Most software projects involving more than a few contributors end up with some process for having more than one person look at a piece of code before it gets shipped.
So testing, right? We should do it. The thing is, testing is hard, and good testing is reaaaaaaally hard, and tbh I’m pretty bad at testing. So I end up not testing my apps, and then I feel guilty about it, but I’ll stop you now: you can’t run guilt on Travis.
We've been running Kubernetes for deep learning research for over two years. While our largest-scale workloads manage bare cloud VMs directly, Kubernetes provides a fast iteration cycle, reasonable scalability, and a lack of boilerplate which makes it ideal for most of our experiments.
Twitter Lite uses Redux for state management and relies on code-splitting. However, Redux’s default API is not designed for applications that are incrementally-loaded during a user session. This post describes how I added support for incrementally loading the Redux modules in Twitter Lite.
We all know that unit tests help us to be sure that code works as we expected. And one of the metrics we can use with unit tests is a Code Coverage.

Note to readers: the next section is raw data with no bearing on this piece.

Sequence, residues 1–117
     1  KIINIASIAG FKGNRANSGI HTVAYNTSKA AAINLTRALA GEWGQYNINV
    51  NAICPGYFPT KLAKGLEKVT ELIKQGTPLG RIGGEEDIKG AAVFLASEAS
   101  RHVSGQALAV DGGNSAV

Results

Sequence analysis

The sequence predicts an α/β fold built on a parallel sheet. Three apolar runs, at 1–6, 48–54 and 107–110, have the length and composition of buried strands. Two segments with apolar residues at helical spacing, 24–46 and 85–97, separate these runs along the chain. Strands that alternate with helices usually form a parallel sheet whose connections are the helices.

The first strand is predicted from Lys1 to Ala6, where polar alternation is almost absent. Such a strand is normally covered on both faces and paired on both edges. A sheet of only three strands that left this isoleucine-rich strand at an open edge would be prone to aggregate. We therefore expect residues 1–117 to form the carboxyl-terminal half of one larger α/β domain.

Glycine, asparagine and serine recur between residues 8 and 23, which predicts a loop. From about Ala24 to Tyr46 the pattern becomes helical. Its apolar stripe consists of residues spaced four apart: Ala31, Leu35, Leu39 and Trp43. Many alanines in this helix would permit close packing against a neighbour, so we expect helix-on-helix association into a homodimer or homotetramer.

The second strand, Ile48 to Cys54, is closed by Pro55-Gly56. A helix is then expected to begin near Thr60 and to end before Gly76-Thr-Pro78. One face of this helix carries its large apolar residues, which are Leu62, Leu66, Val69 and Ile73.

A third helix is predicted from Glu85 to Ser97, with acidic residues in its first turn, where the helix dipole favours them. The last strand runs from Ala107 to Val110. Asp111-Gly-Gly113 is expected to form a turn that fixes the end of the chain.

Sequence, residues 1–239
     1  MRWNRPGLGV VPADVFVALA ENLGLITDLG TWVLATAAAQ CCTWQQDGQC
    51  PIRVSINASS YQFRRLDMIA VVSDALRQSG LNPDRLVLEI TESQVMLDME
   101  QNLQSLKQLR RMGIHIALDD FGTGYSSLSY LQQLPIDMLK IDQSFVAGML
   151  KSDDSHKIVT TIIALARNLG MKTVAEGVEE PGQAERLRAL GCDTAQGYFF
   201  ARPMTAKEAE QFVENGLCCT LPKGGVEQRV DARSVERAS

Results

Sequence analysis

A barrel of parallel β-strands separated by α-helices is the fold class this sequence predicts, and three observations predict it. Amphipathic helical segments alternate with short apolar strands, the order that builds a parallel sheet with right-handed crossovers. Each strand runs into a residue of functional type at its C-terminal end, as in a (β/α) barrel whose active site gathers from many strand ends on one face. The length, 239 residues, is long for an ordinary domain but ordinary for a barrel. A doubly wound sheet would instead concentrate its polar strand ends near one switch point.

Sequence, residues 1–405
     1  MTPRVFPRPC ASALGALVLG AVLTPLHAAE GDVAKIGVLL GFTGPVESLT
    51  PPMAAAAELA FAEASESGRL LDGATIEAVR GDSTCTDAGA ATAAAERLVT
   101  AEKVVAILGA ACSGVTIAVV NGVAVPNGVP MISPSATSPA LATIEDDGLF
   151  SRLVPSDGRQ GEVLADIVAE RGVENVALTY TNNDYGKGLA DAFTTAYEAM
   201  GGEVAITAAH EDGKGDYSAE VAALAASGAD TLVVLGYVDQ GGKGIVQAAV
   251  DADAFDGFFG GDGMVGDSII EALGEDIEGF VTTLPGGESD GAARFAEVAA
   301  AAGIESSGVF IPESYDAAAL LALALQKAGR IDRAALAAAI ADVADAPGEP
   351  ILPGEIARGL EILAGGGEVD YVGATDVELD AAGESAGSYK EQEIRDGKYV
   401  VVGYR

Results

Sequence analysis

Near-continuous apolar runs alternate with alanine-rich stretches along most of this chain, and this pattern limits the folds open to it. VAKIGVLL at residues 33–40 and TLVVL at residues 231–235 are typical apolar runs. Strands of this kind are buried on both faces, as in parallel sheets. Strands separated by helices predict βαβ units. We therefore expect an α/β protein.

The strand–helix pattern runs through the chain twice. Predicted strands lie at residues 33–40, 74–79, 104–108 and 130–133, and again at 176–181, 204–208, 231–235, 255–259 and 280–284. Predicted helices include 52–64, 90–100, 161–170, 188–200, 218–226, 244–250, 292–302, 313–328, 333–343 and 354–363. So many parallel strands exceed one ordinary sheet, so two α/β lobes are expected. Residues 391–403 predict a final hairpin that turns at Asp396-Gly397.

What are the pitfalls about running Java or JVM based applications in containers? In this article, Jörg Schad goes over the challenges and how to solve them. This post is adapted from a session presented at Codemotion 2017.
We’ve just launched a shiny new website for Hartwell Insurance – I’m really proud of it. It was tackled it in a different way to most previous Tomango site builds, using some fancy new tools and some vintage web standards.
To make sure it’s robust (no crashes, no hangs) I decided to fuzz it. Parsing text or binary formats is notoriously tricky.
I came across this blog post on ayende.com. Here Oren Eini tries to see how far he could push a simple ipify style of api on an EC2 by running a synthetic benchmark. He hosts the http server on a T2.nano instance and then uses wrk to benchmark it from a T2.small instance.